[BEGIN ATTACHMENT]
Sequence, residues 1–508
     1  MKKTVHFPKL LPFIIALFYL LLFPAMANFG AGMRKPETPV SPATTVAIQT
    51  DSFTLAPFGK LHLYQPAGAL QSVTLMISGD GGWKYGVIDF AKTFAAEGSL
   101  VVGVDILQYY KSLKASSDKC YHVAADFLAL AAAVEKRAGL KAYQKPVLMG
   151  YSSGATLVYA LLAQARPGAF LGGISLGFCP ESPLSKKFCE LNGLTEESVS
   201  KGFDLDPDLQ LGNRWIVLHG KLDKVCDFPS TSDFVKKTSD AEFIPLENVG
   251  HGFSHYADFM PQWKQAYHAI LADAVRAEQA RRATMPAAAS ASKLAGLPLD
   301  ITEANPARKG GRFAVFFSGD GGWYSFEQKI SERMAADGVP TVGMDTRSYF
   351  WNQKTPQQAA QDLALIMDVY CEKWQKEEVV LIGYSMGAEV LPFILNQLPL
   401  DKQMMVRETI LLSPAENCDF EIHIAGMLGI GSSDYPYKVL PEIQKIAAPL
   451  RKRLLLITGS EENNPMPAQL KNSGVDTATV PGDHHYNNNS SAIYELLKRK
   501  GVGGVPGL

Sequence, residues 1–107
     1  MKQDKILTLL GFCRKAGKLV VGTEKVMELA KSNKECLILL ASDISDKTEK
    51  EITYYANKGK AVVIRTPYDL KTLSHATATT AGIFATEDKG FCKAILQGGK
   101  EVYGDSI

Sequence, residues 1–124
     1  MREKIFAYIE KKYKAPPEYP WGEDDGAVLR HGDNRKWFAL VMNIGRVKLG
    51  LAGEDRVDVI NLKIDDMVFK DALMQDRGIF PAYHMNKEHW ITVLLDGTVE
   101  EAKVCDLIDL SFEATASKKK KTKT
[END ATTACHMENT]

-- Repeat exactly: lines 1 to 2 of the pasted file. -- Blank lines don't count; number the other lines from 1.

Sequence, residues 1–508
     1  MKKTVHFPKL LPFIIALFYL LLFPAMANFG AGMRKPETPV SPATTVAIQT